Would you entrust your home security to August’s new smart lock?
I’m a bit torn about smart locks. On one hand, I never leave my home without my phone but have been known to leave my keys behind, demonstrating a baffling order of priorities. On the other, my phone’s battery life is not what it was, and I’d look really stupid having to explain my life decisions to an emergency locksmith. On a biologically implausible third hand, I do like the idea that I can check my phone and make sure I remembered to lock the front door, rather than having a constant nagging feeling that all my earthly possessions are being systematically removed from the house.
The one thing keeping me permanently on the fence about the whole thing is the price involved. Making your locks smart costs hundreds of pounds, while cutting a spare key costs a couple of quid. Still, others are clearly more free-spending than I, and August is back with a couple of new smart locks and a smart doorbell. This is what you get for your money.
At the top of the new range is the $279 (~£206) Smart Lock Pro. Its pro features amount to a slightly snazzier design, and a broader range of connectivity options with support for Wi-Fi, Bluetooth, HomeKit and Z-Wave Plus. The more prosaically designed Smart Lock, meanwhile, comes in at $149 (~£110), has fewer connectivity options, but still has the same party tricks: a sensor will tell you if the door is really closed, you can lock your home remotely, and you can set up temporary keys for guests – which is handy if you happen to own a property with Airbnb tenants.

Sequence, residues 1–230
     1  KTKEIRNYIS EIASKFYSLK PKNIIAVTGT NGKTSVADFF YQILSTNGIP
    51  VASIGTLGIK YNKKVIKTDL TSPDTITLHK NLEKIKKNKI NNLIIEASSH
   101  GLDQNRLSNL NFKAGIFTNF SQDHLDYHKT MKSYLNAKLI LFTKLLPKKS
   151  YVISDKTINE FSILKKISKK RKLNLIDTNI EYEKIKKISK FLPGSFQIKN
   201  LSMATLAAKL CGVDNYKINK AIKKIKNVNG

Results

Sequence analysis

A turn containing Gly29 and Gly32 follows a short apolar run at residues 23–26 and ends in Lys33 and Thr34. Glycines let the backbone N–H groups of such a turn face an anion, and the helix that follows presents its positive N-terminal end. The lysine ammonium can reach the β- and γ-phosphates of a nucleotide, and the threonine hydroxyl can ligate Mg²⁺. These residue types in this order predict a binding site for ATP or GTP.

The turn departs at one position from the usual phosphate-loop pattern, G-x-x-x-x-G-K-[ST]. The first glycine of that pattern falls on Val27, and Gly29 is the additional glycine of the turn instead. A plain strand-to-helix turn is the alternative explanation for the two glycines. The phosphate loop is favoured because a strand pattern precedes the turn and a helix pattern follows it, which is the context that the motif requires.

Incidentally, it’s a common misconception that smart locks make conventional keys redundant. Because the device sits on the inside of the door, you can still lock and unlock your door with a regular key. The device is battery-powered but, like a Fitbit or a Tile, it will send you an email when it’s running low on juice, giving you plenty of time to remedy the issue.
Completing August’s new range is the August Doorbell Cam Pro, which lets you see the people ringing the doorbell: is it the Amazon parcel you ordered, or a door-to-door salesperson? The new version adds in a built-in floodlight to make images clearer in the evening, buffered video that captures the steps leading up to a doorbell press, and improved streaming video quality. It retails for $199 (~£147) – which is the same price the current version goes for in the States.
Good improvements all round then, although I’m still unconvinced that the advantages offered are anything better than just cutting an extra key. Keys fit easily under a plant pot. Batteries do not.